Now nothing stood between Spartacus and the Alps, and potential freedom. However their success had convinced most of his men that they could beat anything Rome threw at them, and they wanted to stay in Roman territory and keep fighting. Their forces grew to a massive 120,000 and Spartacus himself must have been lured by the prospect wealth and/or glory. For whatever reason, he turned south and headed back into the heart of Roman territory. Rome was through taking chances. Not since the days of Hannibal had its homeland been so threatened. The Senate appointed Marcus Luncinius Crassus (of later First Triumvirate fame) to end this slave revolt once and for all. He raised eight legions and revived the old tradition of decimation (killing every tenth soldier) as a form of discipline and motivation.


With his army ready in early 71 B.C., Crassus moved against Spartacus who had marched south. In their initial engagement, Crassus gained the upper hand and killed some 10,000 men, forcing the remainder of the rebel fighters to retreat further south. Spartacus and his army ended up in Rhegium which is on the very toe of the Italian peninsula. He had planned to pay off a fleet of Cilician pirates to evacuate as many men as possible to Sicily, but it never materialized. Meanwhile, Crassus built a rampart across the toe, trapping Spartacus. Now his army was in dire straights. However, Crassus faced new pressure himself. Pompey, who had been campaigning in Spain, returned in victory. The Senate immediately dispatched him to southern Italy to ensure that Spartacus could not escape. Crassus wanted the credit for ending the slave revolt.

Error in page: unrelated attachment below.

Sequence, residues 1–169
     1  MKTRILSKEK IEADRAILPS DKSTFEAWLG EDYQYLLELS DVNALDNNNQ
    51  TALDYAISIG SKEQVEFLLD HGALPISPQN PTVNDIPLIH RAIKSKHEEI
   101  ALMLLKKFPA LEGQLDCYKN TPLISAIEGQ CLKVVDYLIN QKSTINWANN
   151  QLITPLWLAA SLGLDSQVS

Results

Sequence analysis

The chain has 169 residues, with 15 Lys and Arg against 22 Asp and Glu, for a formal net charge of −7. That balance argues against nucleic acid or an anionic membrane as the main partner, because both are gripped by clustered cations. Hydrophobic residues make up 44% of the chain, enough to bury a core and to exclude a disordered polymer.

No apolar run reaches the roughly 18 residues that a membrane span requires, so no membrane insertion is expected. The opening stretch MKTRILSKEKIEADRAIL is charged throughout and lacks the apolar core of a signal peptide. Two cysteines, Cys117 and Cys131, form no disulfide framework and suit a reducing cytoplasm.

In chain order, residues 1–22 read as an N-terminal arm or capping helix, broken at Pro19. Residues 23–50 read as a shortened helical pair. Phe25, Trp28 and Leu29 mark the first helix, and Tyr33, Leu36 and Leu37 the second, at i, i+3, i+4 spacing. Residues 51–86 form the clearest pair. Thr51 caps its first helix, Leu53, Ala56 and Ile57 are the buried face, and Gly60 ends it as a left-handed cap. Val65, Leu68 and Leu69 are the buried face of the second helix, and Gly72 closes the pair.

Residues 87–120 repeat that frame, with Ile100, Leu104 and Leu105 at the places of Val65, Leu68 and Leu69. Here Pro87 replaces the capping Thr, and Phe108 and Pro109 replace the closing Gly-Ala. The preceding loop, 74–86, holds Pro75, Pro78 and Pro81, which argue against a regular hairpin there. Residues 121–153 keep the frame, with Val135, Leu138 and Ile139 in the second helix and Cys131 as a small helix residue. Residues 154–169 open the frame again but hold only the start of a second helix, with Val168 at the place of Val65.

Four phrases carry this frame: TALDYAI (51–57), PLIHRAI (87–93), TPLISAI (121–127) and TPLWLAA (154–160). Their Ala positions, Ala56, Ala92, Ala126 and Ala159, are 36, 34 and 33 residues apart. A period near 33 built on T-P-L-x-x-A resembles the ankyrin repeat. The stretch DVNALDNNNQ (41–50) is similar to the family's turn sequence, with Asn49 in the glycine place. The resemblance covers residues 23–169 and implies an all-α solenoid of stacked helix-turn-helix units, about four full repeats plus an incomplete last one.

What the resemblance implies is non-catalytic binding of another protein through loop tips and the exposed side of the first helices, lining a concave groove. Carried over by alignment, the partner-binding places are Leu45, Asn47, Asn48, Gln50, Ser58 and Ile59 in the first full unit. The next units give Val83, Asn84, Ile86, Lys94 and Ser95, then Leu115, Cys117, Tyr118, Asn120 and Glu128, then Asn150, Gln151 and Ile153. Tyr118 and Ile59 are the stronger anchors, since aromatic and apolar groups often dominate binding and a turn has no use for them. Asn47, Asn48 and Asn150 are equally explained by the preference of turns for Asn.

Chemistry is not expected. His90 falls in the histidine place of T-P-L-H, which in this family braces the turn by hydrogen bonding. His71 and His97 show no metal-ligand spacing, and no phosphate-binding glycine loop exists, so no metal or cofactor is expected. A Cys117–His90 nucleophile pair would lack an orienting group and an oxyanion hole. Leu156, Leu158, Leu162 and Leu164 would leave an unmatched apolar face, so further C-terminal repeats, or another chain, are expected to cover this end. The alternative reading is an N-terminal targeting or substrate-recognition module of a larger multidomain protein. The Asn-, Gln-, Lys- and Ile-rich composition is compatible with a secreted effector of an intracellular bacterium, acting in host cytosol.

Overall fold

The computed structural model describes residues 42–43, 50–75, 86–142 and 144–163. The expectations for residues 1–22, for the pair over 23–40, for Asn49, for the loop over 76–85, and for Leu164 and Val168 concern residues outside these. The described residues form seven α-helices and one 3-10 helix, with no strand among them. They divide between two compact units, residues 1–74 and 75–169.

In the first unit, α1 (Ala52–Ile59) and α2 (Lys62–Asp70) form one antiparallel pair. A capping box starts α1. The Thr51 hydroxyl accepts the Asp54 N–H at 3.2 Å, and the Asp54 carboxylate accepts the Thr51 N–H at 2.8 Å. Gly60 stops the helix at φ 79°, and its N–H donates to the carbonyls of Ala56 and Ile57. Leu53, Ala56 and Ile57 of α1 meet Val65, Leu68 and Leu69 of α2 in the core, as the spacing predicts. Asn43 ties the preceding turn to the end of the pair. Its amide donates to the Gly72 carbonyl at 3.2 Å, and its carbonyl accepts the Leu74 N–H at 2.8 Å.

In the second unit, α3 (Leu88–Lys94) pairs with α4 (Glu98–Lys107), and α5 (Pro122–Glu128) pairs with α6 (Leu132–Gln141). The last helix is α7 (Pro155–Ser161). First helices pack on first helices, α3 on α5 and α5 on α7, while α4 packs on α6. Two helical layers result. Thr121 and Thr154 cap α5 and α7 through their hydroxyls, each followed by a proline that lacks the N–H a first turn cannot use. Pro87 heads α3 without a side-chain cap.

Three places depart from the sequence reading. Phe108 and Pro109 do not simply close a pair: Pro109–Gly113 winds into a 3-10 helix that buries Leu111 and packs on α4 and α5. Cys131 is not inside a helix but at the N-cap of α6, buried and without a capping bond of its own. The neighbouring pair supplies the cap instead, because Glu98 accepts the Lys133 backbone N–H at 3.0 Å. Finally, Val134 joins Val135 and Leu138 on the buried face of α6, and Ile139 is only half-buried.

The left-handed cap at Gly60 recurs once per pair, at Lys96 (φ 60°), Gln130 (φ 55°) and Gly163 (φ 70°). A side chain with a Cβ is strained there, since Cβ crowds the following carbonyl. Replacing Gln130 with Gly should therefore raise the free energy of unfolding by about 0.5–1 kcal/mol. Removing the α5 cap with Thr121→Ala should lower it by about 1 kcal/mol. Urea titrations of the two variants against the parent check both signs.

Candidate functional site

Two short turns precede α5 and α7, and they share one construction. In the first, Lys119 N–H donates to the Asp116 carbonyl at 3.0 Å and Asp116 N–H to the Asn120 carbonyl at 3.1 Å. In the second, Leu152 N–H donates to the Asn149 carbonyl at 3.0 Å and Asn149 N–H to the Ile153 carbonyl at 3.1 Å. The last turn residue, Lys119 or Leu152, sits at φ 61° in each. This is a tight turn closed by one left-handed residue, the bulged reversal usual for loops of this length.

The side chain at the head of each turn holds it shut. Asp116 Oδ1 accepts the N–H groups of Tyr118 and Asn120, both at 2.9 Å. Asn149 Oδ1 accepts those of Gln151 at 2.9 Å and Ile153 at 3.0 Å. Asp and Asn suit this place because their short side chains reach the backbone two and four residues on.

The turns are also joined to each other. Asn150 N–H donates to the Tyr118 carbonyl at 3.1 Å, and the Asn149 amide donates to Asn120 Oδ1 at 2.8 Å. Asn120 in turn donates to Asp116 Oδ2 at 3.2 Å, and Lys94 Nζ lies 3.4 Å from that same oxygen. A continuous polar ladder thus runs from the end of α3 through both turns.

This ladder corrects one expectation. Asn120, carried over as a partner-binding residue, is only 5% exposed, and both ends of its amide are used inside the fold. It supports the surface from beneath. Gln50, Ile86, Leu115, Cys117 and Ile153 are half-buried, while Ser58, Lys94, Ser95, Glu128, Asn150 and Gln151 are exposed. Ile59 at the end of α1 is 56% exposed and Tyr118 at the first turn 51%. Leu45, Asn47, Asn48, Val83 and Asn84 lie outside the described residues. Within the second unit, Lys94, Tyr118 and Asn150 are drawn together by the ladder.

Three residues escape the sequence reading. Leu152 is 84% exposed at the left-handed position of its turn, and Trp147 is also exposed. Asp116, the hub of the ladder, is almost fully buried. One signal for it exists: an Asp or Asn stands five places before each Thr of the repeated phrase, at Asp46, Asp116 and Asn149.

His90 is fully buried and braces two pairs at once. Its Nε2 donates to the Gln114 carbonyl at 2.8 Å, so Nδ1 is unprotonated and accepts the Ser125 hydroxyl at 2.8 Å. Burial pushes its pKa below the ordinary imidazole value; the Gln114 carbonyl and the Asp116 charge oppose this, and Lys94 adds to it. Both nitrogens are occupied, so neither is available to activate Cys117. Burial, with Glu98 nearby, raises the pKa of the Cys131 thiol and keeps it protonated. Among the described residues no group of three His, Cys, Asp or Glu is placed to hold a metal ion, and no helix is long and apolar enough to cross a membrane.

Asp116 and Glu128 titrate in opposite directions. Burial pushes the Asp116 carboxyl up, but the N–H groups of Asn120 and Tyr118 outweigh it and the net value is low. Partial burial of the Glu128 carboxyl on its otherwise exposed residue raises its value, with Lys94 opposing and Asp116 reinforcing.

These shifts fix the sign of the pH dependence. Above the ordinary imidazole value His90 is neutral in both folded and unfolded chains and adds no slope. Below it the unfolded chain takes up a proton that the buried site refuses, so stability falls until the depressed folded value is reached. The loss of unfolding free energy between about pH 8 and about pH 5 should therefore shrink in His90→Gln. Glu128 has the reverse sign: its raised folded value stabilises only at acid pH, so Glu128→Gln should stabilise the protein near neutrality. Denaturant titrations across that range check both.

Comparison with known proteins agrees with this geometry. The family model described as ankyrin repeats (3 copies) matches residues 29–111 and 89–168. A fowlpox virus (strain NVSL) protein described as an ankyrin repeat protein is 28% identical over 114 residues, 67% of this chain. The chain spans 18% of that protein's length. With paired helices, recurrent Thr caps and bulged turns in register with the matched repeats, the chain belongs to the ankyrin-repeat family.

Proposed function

Spartacus (ca. 109-71 B.C.)Things had become desperate in the slave camp and cohesion began to break down. Spartacus' forces broke through Cassius' fortification and attacked his army in chaotic fashion. The disciplined Roman troops cut down the rebel army and thoroughly defeated it. But there were so many slaves, that thousands managed to escape. They didn't get far though. Pompey's army arrived shortly after this battle and managed to hunt down the slaves that got away. Spartacus was killed sometime between the start of the battle and Pompey's arrival, but it's unsure exactly when and the historian Appian states that his body was never identified. Crassus took 6,000 of the surviving slaves and crucified them along the Appian Way between Capua and Rome. As he feared, Pompey claimed partial credit for ending the revolt and received a hero's welcome upon his return to Rome. He conquered Spain and was called upon to assist Crassus in ending a slave revolt. Crassus, for his part, received an ovation in the Senate. It marked the beginning of enmity between the two powerful Romans